Lately I’ve found that encouraging kids to be successful can be a tricky line for some parents, myself included. We are knee deep in the midst of swim team season for our two oldest girls and this year I have found myself to be very competitive as a parent. I want my children to succeed and do as well as they possibly can but today I realized that there’s a delicate balance between encouraging them to do their best for their own personal goals and placing too much of your own hope and pride within your expectations for their goals.
I want to be super honest because parents are competitive with each other when it comes to our kids and it’s rarely discussed.
Most parents have compared their child with other children and I think it’s natural to do so. It may not be the healthiest thing but it’s just part of life, especially when we were raised receiving grades and being ranked according to our performance in school. Parents started learning the art of comparison as children and it’s something we still tag along with us today.
We have two children on the swim team.
One child is having a very rough year after what we thought was a great year in the prior swim team season. This year though she can’t get her head in the game and has been disqualified from more races than she’s completed because she keeps swimming the wrong event or she just stop swimming half way down the lane for various reasons. Honestly I’ve found part of myself disappointed by her performance this year in swimming. Last year we really thought she would take this year by storm and blow everyone out of the water but she isn’t anywhere close. It has been heartbreaking to me and also to her as she sees her sister excel this year on the Swim Team.
Her sister is doing great this year. She keeps getting put on the relay team because she’s fast at freestyle and can really help catch up on time if they need it. This weekend she was invited to a special swim meet that you have to qualify with your times to compete at. I got to the meet just knowing that she was going to blow everyone out of the water and walk out of there with great standings. She did awesome but she didn’t medal. In the individual event she placed 32nd out of 65 kids. That’s still amazing considering it was 32nd place out of all the best swimmers her age in our area but there was part of my heart that was sad that she didn’t do better.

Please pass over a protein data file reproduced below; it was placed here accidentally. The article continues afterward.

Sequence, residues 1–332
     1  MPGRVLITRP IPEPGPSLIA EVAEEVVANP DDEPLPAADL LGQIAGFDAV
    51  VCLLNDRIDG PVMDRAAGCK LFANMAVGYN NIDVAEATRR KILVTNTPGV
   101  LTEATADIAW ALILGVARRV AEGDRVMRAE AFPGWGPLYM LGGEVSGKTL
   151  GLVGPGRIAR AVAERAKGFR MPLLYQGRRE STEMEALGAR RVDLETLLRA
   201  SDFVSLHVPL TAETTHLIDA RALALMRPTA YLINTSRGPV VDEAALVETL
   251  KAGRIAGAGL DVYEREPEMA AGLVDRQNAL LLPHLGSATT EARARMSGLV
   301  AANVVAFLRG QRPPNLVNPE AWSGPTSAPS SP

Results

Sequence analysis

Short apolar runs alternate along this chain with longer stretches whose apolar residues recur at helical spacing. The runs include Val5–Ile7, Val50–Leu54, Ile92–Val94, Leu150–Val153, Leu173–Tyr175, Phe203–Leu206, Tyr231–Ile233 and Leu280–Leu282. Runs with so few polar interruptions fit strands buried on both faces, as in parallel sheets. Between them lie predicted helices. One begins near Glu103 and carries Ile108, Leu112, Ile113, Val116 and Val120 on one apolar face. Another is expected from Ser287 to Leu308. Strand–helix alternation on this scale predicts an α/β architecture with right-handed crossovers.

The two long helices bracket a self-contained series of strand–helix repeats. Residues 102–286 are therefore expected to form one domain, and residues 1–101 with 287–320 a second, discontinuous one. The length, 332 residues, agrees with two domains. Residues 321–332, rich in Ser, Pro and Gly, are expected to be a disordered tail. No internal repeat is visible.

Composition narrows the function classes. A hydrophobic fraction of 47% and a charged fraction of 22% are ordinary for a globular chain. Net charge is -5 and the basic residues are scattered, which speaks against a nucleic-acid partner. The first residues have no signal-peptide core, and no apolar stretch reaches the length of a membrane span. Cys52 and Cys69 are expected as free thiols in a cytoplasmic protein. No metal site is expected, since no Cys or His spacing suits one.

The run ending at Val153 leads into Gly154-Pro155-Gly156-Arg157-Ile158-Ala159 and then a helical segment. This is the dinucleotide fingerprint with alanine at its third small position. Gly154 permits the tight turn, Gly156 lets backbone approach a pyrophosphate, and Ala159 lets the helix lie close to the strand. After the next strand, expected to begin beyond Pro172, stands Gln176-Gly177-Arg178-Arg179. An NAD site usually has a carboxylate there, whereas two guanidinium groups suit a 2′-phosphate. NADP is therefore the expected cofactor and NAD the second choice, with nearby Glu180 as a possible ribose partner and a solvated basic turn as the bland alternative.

Let me take a minute to be absolutely clear: I am not disappointed in my children at all. They have extreme heart and have tried hard. Our child that can’t get her head in the game this season also is the one that got hurt and missed a swim meet and a lot of practice times. Yet she was back in the water sooner than she should have been, swimming and learning how to do it better. Several times this year we’ve had to sit down and talk to her while her eyes fill up with tears about why her sister is getting ribbons and placed on the relay teams while she is not. It’s hard. Her sister is working non stop on her swimming and diving and can’t figure out why she’s not winning every single race. They both have great loving and hard working hearts.
I am not disappointed with them. I have been disappointed however a little bit with myself. Why didn’t we put them in some private lessons to prepare them for swim team this year. Maybe I could work more and find the money to put them on the super elite competitive team so they would get first place. Am I doing everything I can to raise them to win?
And that’s the worst part because my job isn’t to raise them to win.
My job as a parent is to support them and teach them how to be great human beings. It’s not to pressure them on base their success on numbers and times that they crossed the finish line. That’s where I’m failing as a parent that somewhere along the way I let it become a number game instead of teaching them to love others more so than themselves or their personal achievements.
That’s where the delicate balance comes in. We need to teach them to have goals and reach them and if they want to be the next Michael Phelps, we need to help equip them to do so. But we can’t put our dreams or our aspirations onto them. We can’t make it a game of success based on our hopes but we need to still give the hope that they can succeed.
The balance is so delicate.
I’m not even sure how to master that balance but I think a large part of it can be accomplished by just listening. I need to stop occasionally and just listen to them to make sure that they are doing what they really want to be doing. I don’t want our kids competing in swim team if it’s truly not what they want to do.
I do need to listen for those clues that tell me that they do want to do more, or less, with what they’re trying to achieve and support them in it.
Most importantly I think I need to make sure that my goals for them are in check with how I want to raise my children; to be humans that give more than they are given. It doesn’t matter if they have a medal around their neck if they don’t have compassion in their heart. That’s what I need to remember and strive to by my goal daily.